Rag­gle tag­gle time

The sur­round­ings are en­chant­ing and there’s po­etry on the plates

Weekend Herald - Canvas - - RESTAURANT - Kim Knight

If Alice fell down the rab­bit hole in 2017, this is where she might land — down a lane, be­hind a cur­tain, drink­ing cock­tails from a sil­ver teapot.

Pon­sonby’s Gypsy Car­a­van has a sto­ry­book charm. There are paper lanterns and feath­ered dream catch­ers. The gar­den is lit flu­oro green and there is a man set­ting fire to cast-iron fry­ing pans full of cheese.

I imag­ine it’s glo­ri­ous in sum­mer (there’s an ac­tual car­a­van down the back) but I loved it in win­ter. That gar­den, with its spiky palms and flick­er­ing heaters, was an Henri Rousseau jun­gle come to life. Tiger, tiger, burn­ing bright . . . Po­etry on our plates, too. I or­dered the av­o­cado falafel and whipped feta ($14) to con­firm my longheld be­lief that cooked av­o­cado is dis­gust­ing and now I’m ques­tion­ing ev­ery­thing. It was not overly av­o­cado-ey but it was moist and light in a most un-falafel man­ner. I ate more than my share.

The hits kept com­ing. “Any­one wear­ing hair­spray?” said the wait­per­son with a small bot­tle of ouzo and a ci­garette lighter. I asked him what the cheese ($20) was, and I think he said ke­falo­graviera, al­though once he’d set it alight and it had melted and siz­zled and gone sweet with honey and liquor, he could have also just said “de­li­cious”.

The Gypsy Car­a­van started life as part of the Street Food Col­lec­tive. It shares a phone num­ber (and man­age­ment) with neigh­bour­ing bar­be­cue restau­rant Miss Moon­shine but there is no beef brisket here. Back in May, the en­tire menu was veg­e­tar­ian or ve­gan. In the heart of win­ter the of­fer­ing is meatier — duck and lamb mains, beef tartare and oc­to­pus en­trees — and the sides are pure carb.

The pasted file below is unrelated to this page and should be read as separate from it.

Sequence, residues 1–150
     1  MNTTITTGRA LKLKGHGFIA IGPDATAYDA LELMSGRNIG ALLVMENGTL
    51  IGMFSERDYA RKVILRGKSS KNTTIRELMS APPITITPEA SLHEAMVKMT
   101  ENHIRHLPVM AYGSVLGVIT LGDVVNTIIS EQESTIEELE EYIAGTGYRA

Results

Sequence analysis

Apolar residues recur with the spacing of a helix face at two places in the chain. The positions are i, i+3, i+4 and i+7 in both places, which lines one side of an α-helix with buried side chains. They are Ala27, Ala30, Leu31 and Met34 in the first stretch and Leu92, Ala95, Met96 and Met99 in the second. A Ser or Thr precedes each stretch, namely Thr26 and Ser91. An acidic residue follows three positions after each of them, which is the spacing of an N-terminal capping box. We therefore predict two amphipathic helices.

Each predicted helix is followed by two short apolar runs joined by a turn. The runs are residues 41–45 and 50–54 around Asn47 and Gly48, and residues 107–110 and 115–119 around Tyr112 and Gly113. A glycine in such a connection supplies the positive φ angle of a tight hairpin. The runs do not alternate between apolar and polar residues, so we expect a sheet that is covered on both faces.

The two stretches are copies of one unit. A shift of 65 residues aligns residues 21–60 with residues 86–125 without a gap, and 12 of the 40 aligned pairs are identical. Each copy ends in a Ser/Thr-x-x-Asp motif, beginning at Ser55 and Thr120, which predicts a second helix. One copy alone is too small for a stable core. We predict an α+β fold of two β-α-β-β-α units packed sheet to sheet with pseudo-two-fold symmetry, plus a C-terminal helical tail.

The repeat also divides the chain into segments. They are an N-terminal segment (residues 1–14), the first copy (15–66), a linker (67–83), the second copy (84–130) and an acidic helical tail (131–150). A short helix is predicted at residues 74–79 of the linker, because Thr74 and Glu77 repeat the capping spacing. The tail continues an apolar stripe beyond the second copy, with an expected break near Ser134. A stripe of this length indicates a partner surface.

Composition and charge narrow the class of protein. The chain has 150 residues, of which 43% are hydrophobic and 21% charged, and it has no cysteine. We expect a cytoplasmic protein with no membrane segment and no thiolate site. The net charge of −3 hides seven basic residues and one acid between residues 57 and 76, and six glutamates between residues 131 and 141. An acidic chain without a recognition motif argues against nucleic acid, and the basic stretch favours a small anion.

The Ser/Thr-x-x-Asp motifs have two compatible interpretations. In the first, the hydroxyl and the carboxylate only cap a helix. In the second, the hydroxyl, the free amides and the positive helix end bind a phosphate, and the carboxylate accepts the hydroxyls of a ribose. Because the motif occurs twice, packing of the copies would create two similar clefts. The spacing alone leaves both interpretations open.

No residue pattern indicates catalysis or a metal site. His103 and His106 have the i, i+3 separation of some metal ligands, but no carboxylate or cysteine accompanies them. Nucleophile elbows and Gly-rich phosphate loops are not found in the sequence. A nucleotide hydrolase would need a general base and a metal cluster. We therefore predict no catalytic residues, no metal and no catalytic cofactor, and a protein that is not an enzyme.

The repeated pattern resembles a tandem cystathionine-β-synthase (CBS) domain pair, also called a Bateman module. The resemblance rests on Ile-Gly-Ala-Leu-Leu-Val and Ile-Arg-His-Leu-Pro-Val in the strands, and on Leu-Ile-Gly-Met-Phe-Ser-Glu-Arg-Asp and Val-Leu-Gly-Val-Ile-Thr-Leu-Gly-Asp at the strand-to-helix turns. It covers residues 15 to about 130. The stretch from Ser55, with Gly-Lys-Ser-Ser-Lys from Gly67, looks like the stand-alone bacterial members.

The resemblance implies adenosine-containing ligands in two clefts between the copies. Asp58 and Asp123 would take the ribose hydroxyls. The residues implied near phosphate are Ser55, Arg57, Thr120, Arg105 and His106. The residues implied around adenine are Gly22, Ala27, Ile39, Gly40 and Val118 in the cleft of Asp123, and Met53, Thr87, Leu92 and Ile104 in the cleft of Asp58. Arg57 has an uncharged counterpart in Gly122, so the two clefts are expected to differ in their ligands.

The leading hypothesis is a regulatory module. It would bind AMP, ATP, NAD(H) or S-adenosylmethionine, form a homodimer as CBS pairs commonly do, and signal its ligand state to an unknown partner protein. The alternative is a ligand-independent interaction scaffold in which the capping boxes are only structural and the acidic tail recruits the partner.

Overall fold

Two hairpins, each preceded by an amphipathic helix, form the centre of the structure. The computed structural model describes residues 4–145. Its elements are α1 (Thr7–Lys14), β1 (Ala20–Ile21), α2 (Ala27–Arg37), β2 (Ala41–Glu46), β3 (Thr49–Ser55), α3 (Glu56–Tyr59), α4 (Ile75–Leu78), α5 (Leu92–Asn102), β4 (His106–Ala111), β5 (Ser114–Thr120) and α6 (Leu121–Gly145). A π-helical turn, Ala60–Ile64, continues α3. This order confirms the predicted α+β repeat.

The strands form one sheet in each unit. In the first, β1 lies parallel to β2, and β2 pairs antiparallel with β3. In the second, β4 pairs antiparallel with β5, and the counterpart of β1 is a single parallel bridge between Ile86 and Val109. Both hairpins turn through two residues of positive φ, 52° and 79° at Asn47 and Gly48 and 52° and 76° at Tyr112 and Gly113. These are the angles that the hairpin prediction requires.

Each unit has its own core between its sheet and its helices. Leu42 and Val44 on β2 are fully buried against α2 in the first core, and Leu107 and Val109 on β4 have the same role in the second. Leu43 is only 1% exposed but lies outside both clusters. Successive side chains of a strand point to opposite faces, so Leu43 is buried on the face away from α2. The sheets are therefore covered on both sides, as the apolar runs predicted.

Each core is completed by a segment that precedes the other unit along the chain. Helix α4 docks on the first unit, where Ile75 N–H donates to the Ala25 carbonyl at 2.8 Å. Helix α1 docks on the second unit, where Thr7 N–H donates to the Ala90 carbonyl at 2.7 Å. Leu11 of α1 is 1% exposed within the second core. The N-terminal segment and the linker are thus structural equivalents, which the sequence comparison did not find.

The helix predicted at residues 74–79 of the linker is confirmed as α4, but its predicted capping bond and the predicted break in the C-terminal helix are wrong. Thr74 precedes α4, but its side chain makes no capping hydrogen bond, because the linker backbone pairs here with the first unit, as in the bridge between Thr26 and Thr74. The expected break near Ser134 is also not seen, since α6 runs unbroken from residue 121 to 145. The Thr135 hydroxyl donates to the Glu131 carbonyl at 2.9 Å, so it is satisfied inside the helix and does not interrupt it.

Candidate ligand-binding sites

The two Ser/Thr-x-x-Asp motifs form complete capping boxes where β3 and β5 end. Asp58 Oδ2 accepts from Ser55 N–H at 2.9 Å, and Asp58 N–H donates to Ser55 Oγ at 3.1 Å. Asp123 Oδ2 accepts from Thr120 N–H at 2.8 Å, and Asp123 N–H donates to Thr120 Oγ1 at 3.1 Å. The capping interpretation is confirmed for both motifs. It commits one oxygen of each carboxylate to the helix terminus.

I wil­fully ig­nored the oc­to­pus-is-the-new-dol­phin mantra (Sil­via Killingsworth, writ­ing in the New

Yorker, says the cephalo­pod is “prob­a­bly the clos­est we’ll get to meet­ing an in­tel­li­gent alien”) and it was $19 well spent.

There is a unique toothy “give” to a well­braised oc­to­pus and this one was made even more de­li­cious with a savoury, gar­licky pil-pil sauce and a blob of soured dairy. Puffed wheat added tex­ture, fen­nel pushed the flavour bound­aries. My veg­e­tar­ian din­ing com­pan­ion had the pret­ti­est in­ter­pre­ta­tion of mashed spud, via the sko­rdalia ($17), bright with peas and beet.

Re­mem­ber when cau­li­flower was, sim­ply, a gateway to cheese? Then the pa­leo peo­ple turned it into rice and food writ­ers claimed you could use it to make a pizza base. In 2013, a Minneapolis com­pany made a charred cau­li­flower ice­cream. Now it’s $7 a head in the su­per­mar­ket, and here I am, or­der­ing a $28 cau­li­flower main.

The flo­rets are earthy with Ethiopian berbere spice mix, and they sit un­der a gi­ant caul of thinly sliced daikon, on a swish of kelp broth. Im­pres­sive, and I am not even vaguely wish­ing we’d or­dered the duck.

It’s rain­ing and windy out­side, and Pon­sonby’s main drag is mad­ness. Well-heeled peo­ple go­ing places, been places, with other places to be. In­side this fairy store for adults, I’m warm and en­chanted. We will def­i­nitely stay for dessert.

“It’s your MasterChef mo­ment,” says the wait­per­son, as he presents a vis­ually ex­tra­or­di­nary milk choco­late sphere sprout­ing a tan­gle of rasp­berry-pow­ered deep-fried parsnip strips. I’m be­wil­dered be­cause the menu de­scrip­tor starts with the words “pas­sion­fruit curd” and does not men­tion choco­late. We smash the sphere to find it full of a sweet, milky sub­stance. It is not curd, and what­ever it is ren­ders the caramelised, bis­cu­ity crumbs (new food word of the week: “feuil­letine”) at the bot­tom of the bowl soggy. If this was MasterChef some­one would be go­ing straight to the elim­i­na­tion round.

Once upon a time, it was a dark and stormy night, and they all, mostly, lived very hap­pily ever af­ter.

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